Composition of the Commons will change as more women stand for winnable seats.
Female representation in parliament is set to jump to just shy of 30 percent following the general election in May, according to a report by the Electoral Reform Society (ERS).
Women in Westminster predicts that 192 of the 650 seats in the Commons will be taken up by women, a rise of 6.6 percent on the current parliament, boosting Britain from 56th to 36th place in global rankings of female representation.
“There is, then, cause for some celebration,” the ERS wrote in the report. “An increase of 44 women MPs is certainly an improvement on the parties’ performances in 2010.
“And a 6.6% increase is a considerable advance on the previous three general election cycles. If that pace were to continue, there could be gender parity by 2030.”
Of the major parties, Labour would lead in terms of female representation under the ERS predictions, with 41 percent of its forecasted MPs being women, double the amount predicted for the Conservatives.
Among the other parties only the Scottish Nationalists are thought likely to claim a sizeable number of female MPs, with 13 of their forecasted seats taken up by women, a third of the total.
Source: Electoral Reform Society
Whilst the Greens can claim the be the most female party with their solitary Brighton MP Caroline Lucas the only one from the party expected to be elected in May, recent figures from Parliamentary Candidates UK showed they had fewer ethnic minority parliamentary candidates than Ukip.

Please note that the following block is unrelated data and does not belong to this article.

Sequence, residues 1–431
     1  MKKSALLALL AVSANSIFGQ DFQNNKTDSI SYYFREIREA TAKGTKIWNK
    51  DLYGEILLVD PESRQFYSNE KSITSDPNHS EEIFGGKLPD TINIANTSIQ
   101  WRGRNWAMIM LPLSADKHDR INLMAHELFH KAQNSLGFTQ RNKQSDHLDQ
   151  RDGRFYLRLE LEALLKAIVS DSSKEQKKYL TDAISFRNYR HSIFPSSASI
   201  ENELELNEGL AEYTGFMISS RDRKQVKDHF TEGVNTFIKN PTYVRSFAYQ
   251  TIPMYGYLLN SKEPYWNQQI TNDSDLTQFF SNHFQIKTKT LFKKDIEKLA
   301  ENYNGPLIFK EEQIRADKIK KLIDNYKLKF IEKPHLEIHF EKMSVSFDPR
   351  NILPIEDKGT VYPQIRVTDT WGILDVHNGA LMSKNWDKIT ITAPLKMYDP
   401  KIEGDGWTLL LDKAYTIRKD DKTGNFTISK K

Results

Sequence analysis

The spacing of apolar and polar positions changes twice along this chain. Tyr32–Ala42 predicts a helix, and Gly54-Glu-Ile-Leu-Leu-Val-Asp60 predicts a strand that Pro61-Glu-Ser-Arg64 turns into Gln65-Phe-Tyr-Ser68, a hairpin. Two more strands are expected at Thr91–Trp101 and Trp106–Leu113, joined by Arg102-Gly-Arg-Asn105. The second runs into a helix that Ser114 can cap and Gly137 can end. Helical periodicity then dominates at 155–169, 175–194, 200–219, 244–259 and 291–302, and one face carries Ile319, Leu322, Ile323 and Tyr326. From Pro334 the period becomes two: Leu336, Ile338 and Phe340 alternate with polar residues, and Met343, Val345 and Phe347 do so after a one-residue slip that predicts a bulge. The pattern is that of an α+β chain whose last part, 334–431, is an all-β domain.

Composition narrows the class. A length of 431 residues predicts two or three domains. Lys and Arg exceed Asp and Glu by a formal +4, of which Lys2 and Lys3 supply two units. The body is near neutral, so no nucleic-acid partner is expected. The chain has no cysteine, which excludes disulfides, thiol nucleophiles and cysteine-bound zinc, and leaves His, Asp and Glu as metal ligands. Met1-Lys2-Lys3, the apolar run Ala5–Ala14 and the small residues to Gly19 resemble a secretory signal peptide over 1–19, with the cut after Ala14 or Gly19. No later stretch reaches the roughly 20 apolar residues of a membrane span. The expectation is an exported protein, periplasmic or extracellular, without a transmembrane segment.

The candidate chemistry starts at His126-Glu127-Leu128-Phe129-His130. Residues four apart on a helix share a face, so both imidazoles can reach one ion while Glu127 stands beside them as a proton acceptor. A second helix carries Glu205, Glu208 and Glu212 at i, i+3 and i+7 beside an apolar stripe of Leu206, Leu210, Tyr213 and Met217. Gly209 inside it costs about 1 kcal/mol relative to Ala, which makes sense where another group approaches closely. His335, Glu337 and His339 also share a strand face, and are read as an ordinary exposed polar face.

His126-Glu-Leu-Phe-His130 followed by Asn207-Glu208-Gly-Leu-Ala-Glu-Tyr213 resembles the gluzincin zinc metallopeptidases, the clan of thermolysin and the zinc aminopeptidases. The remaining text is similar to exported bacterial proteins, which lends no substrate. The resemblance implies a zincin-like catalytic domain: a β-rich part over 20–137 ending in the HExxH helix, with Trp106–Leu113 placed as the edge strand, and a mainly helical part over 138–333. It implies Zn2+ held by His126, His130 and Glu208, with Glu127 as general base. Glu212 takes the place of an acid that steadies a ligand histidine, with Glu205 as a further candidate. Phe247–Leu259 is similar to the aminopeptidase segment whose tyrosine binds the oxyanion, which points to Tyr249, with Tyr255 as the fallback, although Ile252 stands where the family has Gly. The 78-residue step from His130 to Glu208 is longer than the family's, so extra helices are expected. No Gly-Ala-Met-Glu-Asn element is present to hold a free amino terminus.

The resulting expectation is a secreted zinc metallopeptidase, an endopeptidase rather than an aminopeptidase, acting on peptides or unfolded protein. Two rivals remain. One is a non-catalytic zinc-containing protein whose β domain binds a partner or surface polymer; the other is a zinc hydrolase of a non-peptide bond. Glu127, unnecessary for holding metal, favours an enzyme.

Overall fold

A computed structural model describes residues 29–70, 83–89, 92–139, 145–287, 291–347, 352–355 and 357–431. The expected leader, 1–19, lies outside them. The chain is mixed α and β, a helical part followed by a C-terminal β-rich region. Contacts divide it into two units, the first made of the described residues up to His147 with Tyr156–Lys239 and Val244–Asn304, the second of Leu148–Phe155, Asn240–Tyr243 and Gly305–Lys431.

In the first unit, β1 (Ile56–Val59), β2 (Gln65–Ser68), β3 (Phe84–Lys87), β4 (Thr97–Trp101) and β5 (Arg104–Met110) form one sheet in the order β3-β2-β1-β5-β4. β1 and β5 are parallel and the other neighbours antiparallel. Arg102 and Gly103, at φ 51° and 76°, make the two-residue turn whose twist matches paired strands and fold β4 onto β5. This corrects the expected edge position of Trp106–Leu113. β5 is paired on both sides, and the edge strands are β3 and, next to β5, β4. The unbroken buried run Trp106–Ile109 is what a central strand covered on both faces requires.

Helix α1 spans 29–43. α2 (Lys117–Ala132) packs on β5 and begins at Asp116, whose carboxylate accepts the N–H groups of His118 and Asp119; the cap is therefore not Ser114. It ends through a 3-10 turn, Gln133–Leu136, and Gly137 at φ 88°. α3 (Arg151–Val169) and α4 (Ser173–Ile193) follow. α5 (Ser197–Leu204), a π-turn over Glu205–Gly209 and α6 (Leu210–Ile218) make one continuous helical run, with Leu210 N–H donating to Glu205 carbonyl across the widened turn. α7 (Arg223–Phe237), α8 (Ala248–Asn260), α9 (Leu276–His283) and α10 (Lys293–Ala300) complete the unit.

Commenting on its research, ERS claimed that the first-past-the-post (FPTP) electoral system, which tends to result in duopolies in each constituency by discouraging voting for fringe parties, was also responsible for a lack of women in parliament.
It argued that because FPTP favours incumbent MPs, who are mostly male, and encourages parties to put broadly acceptable candidates up for election, it also stops women from being elected to the Commons.
”First past the post is the world’s worst system for achieving gender balance,” it said. “As parties evaluate their progress towards equal representation, they should make an honest assessment of the implications of continued use of FPTP for achieving equality.”
Image – Boulet Fermat